Get back to not thinking about your feet.
Arthritis and Foot Pain
Athlete’s Foot
Blisters
Bunions
Corns and Calluses
Creams
Diabetes
Emollients
Hammer Toes
Heel and Arch Pain
Nail Problems
Neuroma
Pes Planus
Poor Circulation
Severs Disease
Toe Devices
Warts

 
Pes Planus
Pes planus is a condition in which the arch or instep of the foot collapses and comes in contact with the ground. In some individuals, this arch never develops while they are growing.

Flat feet are a common condition. In infants and toddlers, the arch is not developed and flat feet are normal. The arch develops in childhood. By adulthood, most people have developed normal arches.

When flat feet persist, most are considered variations of normal. Most feet are flexible and an arch appears when the person stands on his or her toes. Stiff, inflexible, or painful flat feet may be associated with other conditions and require attention.

Painful flat feet in children may be caused by a condition called tarsal coalition. In tarsal coalition, two or more of the bones in the foot fuse together. This limits motion and often leads to a flat foot.

Most flat feet do not cause pain or other problems. Flat feet may be associated with pronation, in which the ankle bones lean inward toward the center line. When the shoes of children who pronate are placed side by side, they will lean toward each other (after they have been worn long enough for the foot position to remodel their sole).

Foot pain, ankle pain, or lower leg pain (especially in children) may be a result of flat feet and should be evaluated by a Chiropodist.

Symptoms

· Absence of foot arch when standing.
· Foot pain.
· Heel tilts away from the midline of the body more than usual.
· Signs and tests.

An examination of the foot is enough for the chiropodist to diagnose flat foot. However, the cause must be determined. If an arch develops when the patient stands on his or her toes, the flat foot is called flexible and no treatment or further work-up is necessary.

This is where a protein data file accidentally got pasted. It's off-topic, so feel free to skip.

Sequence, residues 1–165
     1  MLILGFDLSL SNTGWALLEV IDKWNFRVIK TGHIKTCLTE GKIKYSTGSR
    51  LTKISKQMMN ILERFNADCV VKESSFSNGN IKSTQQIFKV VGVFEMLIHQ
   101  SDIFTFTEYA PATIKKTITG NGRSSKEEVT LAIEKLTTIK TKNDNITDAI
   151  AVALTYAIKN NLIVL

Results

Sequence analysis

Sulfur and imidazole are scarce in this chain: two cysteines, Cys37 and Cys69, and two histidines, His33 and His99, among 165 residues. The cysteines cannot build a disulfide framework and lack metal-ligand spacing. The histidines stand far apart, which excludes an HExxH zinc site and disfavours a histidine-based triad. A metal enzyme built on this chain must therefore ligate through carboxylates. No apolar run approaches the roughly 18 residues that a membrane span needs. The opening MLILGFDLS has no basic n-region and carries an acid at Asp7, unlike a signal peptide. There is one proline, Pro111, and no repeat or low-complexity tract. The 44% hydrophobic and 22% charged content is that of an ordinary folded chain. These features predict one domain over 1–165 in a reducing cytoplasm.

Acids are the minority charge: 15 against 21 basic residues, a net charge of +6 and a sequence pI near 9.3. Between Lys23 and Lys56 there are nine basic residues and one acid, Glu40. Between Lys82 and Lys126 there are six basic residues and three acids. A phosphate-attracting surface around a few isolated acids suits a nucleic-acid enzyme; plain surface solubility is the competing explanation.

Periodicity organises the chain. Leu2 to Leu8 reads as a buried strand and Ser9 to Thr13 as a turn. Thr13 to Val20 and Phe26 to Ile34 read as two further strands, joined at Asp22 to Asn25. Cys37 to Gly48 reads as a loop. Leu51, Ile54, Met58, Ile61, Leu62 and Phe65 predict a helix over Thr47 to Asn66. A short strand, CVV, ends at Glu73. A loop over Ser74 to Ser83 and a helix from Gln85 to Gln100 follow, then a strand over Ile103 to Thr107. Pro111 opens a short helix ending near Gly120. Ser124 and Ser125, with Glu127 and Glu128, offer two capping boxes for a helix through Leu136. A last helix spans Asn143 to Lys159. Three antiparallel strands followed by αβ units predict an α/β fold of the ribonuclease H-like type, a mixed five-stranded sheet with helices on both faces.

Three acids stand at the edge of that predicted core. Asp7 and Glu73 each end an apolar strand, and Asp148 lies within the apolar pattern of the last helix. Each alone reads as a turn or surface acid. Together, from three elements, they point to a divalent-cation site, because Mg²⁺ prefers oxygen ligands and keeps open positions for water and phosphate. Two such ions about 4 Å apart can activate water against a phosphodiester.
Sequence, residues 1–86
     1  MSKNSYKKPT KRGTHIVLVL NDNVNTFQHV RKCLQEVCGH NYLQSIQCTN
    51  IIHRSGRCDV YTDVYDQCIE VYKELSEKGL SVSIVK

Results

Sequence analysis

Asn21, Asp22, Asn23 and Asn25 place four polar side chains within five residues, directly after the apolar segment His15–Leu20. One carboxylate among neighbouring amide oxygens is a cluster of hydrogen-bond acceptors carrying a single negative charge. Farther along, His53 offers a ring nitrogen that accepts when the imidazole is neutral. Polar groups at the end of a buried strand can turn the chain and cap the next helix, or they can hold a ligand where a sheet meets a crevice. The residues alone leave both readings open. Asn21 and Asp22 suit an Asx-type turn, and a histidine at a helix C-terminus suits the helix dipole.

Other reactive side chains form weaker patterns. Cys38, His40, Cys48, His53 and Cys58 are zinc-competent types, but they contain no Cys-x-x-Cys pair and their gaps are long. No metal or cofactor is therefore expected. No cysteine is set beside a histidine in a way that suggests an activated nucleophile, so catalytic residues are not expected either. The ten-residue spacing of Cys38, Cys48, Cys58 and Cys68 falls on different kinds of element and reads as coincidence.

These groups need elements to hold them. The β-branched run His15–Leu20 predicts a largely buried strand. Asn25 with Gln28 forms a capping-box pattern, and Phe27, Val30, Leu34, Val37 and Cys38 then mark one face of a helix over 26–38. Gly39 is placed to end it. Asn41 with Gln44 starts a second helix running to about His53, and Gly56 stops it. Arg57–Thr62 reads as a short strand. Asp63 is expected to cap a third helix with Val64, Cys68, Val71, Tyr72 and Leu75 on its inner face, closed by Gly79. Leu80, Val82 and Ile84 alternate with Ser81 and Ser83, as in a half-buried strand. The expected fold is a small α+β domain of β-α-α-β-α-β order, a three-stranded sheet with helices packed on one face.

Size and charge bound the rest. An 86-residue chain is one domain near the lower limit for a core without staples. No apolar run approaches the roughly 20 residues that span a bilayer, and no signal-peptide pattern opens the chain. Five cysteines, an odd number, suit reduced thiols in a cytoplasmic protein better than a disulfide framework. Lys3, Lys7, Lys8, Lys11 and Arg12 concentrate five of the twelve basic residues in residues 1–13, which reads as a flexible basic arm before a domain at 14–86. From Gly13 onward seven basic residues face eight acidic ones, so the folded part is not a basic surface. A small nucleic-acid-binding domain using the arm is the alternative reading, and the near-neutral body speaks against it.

If there is pain associated with the foot or if the arch does not develop with toe-standing, x-rays are necessary. If a tarsal coalition is suspected, a CT scan is often ordered. If a posterior tibial tendon injury is suspected, your health care provider may recommend an MRI.

Treatment

Flexible flat feet that are painless do not require treatment. If you have pain due to flexible flat feet, an orthotic (arch-supporting insert in the shoe) can bring relief. With the increased interest in running, many shoe stores carry shoes for normal feet and pronated feet. The shoes designed for pronated feet make long distance running easier and less tiring because they correct for the abnormality.

Rigid or painful flat feet require evaluation by a health care provider. The treatment depends on the cause of the flat feet. For tarsal coalition, treatment starts with rest and possibly a cast. If this fails to improve the pain, surgery may be necessary.

For problems with the posterior tibial tendon, treatment may start with rest, anti-inflammatory medications, and shoe inserts or ankle braces.

In more advanced cases, surgery may be needed to clean or repair the tendon, or fuse some of the joints of the foot into a corrected position.

Flat feet in older adults can be treated with pain relievers, orthotics, and sometimes surgery.